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New hope for African medical education
March/ April 2011 | Volume 10, Issue 2
Opinion by Dr. Roger I. Glass
Director, Fogarty International Center
It was extraordinarily moving to participate recently in the landmark gathering of African leaders in Johannesburg, where we launched a new program aimed at transforming medical education in sub-Saharan Africa. I’m pleased and proud that Fogarty is jointly administering the Medical Education Partnership Initiative (MEPI) program with the Health Resources and Services Administration, with funding from the U.S. President’s Emergency Plan for AIDS Relief (PEPFAR) and NIH.
The meeting convened an amazing group of luminaries and illustrated how this new program is not only doing wonderful things for medical education, it’s also bringing African leaders in biomedical education together to talk about issues they have in common. They realize they share many of the same problems but have addressed them with different and sometimes novel approaches.
Dr. Roger I. Glass, Director of
the Fogarty International Center
For example, Uganda and Zambia are engaging all their medical education institutions, along with ministries of health and education, in their effort to expand and improve training capacity and bringing together all medical schools. MEPI is not only to improve the quality but also the breadth of medical education, to fill gaps in key areas such as pathology, emergency medicine and basic science. The University of Stellenbosch is addressing South Africa’s massive need to work on HIV/AIDS. They’re scaling up training for all levels of personnel so that clinical officers and nurses can initiate and monitor patients on treatment, allowing expansion of programs to underserved rural areas, where so many are suffering.
All the participants in MEPI are in senior positions and have been engaged with trying to improve medical education in their countries but have been hampered by lack of resources. At Makerere University in Uganda, enrollment hasn’t changed in 30 years. They didn’t have the capacity to do that. The MEPI program provides the opportunity for medical school deans to do things they have only been able to imagine until now. It will allow them to reach out to support the five other medical schools in the country. It’s terribly exciting and could really transform medical education and ignite innovation.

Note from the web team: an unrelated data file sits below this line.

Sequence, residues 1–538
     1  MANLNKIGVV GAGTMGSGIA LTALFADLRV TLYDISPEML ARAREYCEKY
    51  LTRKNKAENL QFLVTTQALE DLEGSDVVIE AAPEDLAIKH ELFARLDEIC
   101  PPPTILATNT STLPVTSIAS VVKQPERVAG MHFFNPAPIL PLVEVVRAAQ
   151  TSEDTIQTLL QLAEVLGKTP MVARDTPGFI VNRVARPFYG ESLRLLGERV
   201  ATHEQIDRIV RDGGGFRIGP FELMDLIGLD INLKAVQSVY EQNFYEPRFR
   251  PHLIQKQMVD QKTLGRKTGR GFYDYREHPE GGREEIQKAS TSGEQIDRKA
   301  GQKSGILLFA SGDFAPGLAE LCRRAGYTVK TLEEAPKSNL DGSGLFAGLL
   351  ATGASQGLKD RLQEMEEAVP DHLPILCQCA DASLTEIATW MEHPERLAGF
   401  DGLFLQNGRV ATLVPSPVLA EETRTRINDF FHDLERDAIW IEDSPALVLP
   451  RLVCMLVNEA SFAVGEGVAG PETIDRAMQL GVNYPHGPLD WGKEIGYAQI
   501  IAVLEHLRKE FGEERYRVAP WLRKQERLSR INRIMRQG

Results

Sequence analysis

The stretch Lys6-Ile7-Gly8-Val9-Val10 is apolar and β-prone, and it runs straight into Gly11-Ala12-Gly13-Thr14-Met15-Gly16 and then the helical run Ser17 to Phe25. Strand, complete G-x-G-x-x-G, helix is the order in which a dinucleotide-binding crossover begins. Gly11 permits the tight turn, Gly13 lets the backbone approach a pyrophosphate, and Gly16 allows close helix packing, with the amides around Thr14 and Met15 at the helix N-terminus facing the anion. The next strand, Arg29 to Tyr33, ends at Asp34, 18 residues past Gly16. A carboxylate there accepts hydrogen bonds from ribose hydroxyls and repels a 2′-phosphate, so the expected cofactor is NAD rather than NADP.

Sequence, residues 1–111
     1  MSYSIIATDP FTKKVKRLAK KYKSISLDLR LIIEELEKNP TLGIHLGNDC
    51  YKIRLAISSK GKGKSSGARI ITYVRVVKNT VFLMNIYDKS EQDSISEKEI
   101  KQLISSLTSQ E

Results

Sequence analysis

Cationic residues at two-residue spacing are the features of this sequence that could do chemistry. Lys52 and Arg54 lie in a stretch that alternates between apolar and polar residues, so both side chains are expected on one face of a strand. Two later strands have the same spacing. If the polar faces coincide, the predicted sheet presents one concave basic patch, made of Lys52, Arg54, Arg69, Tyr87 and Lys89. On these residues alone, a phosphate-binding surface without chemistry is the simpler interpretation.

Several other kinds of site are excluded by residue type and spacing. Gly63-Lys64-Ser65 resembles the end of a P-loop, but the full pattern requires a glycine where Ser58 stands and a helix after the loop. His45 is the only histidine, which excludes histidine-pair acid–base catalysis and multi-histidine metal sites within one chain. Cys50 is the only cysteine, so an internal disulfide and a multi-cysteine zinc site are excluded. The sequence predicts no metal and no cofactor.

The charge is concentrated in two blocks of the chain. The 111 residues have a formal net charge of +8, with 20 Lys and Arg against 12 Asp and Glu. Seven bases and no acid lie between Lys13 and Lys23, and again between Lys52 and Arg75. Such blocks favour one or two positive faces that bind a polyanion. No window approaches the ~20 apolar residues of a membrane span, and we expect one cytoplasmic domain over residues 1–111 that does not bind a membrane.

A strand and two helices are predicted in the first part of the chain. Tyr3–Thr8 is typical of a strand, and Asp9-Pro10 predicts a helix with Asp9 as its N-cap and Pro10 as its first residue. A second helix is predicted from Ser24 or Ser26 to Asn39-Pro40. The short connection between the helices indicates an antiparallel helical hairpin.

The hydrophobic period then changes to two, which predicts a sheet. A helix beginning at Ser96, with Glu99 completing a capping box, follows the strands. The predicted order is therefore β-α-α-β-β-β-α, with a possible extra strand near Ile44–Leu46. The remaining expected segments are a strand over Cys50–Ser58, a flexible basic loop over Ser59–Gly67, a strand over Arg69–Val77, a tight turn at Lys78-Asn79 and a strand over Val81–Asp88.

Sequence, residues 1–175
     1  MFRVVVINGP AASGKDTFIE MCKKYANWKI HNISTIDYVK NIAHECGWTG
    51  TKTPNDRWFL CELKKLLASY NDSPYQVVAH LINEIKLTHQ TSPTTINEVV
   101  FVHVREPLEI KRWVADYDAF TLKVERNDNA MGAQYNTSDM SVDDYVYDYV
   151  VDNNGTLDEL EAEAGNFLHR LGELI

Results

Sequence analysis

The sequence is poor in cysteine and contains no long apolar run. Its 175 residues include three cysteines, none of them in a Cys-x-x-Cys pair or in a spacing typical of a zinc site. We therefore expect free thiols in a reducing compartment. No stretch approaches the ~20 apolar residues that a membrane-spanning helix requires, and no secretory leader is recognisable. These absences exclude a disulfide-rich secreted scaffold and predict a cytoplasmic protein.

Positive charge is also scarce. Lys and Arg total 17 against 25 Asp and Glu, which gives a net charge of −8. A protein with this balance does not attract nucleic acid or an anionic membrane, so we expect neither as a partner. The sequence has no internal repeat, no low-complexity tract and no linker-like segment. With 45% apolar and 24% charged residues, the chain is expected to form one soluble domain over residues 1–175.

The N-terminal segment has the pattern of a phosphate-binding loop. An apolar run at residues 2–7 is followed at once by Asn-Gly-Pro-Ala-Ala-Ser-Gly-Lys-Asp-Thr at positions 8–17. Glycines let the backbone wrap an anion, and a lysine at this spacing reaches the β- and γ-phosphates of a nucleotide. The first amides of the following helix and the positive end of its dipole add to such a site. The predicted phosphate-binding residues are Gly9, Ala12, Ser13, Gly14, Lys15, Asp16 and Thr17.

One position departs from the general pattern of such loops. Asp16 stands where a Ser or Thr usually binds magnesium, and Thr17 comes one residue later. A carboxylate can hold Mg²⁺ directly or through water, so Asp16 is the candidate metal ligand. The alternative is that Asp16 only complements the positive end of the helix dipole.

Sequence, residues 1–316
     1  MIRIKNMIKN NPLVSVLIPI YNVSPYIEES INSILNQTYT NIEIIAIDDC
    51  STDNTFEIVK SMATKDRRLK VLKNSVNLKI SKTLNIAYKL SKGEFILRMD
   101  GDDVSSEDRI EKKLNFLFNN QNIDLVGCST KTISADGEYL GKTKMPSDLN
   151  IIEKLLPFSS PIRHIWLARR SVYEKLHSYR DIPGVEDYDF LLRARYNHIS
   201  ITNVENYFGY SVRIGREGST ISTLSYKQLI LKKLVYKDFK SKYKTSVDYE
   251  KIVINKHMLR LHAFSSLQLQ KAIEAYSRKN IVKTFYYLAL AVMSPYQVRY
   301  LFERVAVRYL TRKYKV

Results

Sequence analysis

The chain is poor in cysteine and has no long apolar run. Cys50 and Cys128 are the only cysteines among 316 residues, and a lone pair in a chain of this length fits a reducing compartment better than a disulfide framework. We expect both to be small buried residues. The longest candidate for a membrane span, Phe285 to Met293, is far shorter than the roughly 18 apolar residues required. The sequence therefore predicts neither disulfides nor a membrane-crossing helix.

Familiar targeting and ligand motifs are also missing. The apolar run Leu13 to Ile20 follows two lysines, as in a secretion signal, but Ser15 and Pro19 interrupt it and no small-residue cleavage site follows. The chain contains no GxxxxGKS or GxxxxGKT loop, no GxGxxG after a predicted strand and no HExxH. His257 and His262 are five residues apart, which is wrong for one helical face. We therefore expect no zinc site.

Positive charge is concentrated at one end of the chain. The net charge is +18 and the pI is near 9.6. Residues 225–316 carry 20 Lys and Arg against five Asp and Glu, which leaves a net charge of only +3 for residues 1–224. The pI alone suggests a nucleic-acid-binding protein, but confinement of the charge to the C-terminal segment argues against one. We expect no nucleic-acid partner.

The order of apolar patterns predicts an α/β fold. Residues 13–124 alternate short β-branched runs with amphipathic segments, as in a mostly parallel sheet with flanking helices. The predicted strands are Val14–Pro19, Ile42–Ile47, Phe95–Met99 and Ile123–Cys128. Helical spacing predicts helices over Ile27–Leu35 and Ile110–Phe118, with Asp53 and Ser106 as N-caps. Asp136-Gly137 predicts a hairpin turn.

Some incredible people are engaged in this effort. They are so wise, they have been thinking about how to do this and have been striving within the limits of what they could achieve for decades. Now, MEPI is breathing new life into their efforts, expanding their horizons, removing hurdles and placing resources and responsibilities in the hands of local leaders. Through this partnership, they will be better able to match their educational needs with the needs of their country’s health system and the unique health issues of their own population. They’ll be able to better calibrate the supply of the health care work force with the demands of the health system. Perhaps most importantly, this program is formalizing their ability to network and learn from each other by sharing curricula, best practices and research discoveries.
MEPI is also transformative in terms of broadening the available expertise to better meet the growing tide of chronic illness. So many of the projects we’re engaged with are vertical and focus exclusively on malaria, HIV/AIDS or immunization, with training focused quite narrowly on the associated tasks required. This is providing the funding so faculty can broaden the training they offer to generate health care workers with the skills that are needed.
This visionary program and extraordinary investment in African institutions puts the responsibility where it belongs, with the local leaders who have the creativity and the vision to transform how they train doctors, nurses, scientists and health care workers to better meet the needs of the people they serve. I have great hopes for what can be achieved.
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